URBANA — When the first international students arrived at the University of Illinois in the early 1900s, they were greeted at the train station by staff members from the University YMCA.
The UI didn't have the kind of support system that serves its current 9,000-plus international students. The University Y, founded just four years after the university, would often put the students up in its third-floor dorms until they found more permanent housing.
The organization later expanded its services for international students, including an International Welcome Weekend. The university eventually hired the Y's director of international programs in the late 1960s to create its own Office of International Student Affairs.
Promoting global engagement remains a key focus for the University Y, along with faith in action, social justice and, in more recent decades, protecting the environment, said Executive Director Mike Doyle.
The organization, which is celebrating its 140th anniversary this year, plans to launch a five-year fund drive Saturday at a special event at the UI President's House, in part to fund several new global initiatives.
The "Sustaining the Legacy" campaign will attempt to raise $1 million for University Y programs, Doyle said.
"We've done a lot of growth in our programming in the last few years, a lot of exciting things," he said. "We want to make sure they are strong and viable."
The foundation for the new international initiatives was a $300,000 gift from the Cosmopolitan Club, which closed in 2010 after 99 years of service. The club sold its house on John Street and donated the money to bolster the Y's global programming, Doyle said.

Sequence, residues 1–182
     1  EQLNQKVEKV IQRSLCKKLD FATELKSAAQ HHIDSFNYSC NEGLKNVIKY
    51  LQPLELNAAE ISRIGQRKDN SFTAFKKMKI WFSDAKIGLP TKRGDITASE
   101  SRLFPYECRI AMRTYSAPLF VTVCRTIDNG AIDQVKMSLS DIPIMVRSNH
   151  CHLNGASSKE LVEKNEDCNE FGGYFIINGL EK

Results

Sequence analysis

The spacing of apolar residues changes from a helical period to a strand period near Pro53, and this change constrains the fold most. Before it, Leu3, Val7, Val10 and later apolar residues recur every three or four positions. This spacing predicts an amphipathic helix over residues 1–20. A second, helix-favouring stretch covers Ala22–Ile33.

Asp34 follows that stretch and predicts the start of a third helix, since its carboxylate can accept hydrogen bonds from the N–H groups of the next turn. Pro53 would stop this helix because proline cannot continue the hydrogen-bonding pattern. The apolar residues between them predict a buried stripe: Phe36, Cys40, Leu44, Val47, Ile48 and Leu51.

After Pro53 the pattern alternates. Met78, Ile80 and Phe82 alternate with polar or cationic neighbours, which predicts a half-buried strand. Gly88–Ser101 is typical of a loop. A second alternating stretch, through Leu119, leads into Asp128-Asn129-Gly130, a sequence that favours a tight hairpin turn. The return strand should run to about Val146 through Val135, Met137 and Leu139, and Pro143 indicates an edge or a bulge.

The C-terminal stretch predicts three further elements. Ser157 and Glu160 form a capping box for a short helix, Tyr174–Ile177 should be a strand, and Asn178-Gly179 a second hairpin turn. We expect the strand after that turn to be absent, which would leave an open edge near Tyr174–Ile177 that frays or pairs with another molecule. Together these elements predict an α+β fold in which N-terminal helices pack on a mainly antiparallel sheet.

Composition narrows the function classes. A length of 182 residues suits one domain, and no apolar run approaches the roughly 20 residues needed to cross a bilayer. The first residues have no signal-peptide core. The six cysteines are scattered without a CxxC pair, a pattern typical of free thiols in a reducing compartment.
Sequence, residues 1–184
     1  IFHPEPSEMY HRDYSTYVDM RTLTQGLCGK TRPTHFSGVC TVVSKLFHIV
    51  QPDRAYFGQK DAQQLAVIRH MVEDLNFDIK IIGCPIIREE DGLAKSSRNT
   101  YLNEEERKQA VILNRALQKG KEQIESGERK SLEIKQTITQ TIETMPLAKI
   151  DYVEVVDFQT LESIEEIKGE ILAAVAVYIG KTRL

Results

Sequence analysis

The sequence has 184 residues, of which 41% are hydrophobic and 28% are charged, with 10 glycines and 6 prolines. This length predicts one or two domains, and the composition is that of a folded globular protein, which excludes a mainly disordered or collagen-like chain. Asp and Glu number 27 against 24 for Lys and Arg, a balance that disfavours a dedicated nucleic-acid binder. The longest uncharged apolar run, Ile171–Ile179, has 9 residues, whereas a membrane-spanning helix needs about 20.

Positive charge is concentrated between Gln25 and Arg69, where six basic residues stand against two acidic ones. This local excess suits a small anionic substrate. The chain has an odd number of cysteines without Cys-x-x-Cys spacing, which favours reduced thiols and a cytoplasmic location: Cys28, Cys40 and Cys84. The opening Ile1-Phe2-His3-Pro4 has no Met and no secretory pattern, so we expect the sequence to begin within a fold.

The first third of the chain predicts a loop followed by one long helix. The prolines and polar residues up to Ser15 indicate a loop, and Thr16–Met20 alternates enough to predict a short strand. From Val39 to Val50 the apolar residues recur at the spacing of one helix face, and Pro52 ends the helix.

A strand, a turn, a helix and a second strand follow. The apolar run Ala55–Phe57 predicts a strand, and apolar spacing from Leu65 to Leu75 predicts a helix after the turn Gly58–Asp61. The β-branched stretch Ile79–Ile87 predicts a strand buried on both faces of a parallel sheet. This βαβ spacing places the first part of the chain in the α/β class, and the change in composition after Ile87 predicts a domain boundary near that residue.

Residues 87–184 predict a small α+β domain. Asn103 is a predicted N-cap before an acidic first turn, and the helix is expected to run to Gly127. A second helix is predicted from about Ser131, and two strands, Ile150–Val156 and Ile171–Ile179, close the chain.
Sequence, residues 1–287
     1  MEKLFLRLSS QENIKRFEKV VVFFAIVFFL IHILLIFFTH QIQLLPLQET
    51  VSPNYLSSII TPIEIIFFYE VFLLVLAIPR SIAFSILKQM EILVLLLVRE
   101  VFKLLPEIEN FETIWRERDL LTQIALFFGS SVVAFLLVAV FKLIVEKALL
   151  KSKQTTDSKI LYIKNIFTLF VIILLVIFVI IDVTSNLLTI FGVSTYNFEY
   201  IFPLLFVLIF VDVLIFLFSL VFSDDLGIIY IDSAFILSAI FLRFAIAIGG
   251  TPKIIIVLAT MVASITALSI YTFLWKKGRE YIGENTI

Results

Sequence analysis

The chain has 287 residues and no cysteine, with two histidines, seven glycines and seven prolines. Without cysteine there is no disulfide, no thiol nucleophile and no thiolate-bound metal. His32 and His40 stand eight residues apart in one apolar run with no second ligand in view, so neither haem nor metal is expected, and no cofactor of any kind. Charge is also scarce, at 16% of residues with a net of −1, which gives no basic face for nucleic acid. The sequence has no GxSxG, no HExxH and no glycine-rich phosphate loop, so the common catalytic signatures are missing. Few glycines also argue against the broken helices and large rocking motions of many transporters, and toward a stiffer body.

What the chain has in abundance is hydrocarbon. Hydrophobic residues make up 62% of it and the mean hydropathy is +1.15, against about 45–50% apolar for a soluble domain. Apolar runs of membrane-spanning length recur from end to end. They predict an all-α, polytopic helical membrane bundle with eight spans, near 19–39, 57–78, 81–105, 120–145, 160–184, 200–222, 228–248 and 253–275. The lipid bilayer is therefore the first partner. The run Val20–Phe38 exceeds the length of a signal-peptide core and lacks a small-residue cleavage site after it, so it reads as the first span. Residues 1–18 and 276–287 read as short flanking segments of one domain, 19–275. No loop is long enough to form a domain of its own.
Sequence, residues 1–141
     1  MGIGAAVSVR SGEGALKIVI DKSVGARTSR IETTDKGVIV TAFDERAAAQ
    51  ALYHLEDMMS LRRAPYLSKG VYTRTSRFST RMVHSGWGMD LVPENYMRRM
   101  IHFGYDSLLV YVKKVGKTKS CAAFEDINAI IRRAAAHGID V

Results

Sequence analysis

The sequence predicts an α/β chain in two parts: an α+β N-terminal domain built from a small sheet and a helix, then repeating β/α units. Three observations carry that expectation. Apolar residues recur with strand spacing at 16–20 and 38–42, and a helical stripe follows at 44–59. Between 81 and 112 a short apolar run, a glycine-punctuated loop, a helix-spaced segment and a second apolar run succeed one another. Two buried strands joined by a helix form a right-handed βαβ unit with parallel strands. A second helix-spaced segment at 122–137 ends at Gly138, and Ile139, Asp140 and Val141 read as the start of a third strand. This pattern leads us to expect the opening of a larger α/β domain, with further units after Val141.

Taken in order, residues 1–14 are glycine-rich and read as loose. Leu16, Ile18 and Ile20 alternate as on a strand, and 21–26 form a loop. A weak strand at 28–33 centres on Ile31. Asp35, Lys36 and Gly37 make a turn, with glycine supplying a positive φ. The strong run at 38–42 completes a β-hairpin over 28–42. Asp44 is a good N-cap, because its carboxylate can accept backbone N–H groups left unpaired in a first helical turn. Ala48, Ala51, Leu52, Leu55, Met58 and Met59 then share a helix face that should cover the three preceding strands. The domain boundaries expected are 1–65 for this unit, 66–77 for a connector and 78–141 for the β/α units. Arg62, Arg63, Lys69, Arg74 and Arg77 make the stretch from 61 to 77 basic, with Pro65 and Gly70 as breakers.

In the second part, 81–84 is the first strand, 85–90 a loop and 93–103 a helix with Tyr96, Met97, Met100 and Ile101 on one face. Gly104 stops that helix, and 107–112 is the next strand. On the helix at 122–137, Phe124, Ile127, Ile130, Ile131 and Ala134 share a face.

The Y set up a task force to consider what programs would best address today's campus demographics and community needs. The Y's goal is to build student leadership by engaging them in projects where they can apply their skills to real-life situations, Doyle said.
The task force came up with five proposals that involve partnering with other campus and community groups:
— International service learning initiative: This would pull together the growing number of students going overseas for short service-learning projects and students from those targeted countries here on campus, Doyle said. The Y will host a symposium where they can share resources and cultural information, help prepare for their overseas visits and learn how to put the experience to use when they get back.
— Intercultural horizons: A collaboration with cultural houses and international programs at the UI, this would encourage more interaction between international students and domestic students on campus — something that students from other countries say doesn't happen enough. Students from both countries would go through training and be "change agents" in their classes, residence halls and departments, Doyle said.
— Intercambio: Once hosted by the McKinley Foundation, this program sponsors service trips to Yucatan to work with Mayan villages. The plan is to tie in to the growing Mayan community in Champaign-Urbana, to make it a "strong cultural program that benefits all of us, not just a handout kind of experience," Doyle said.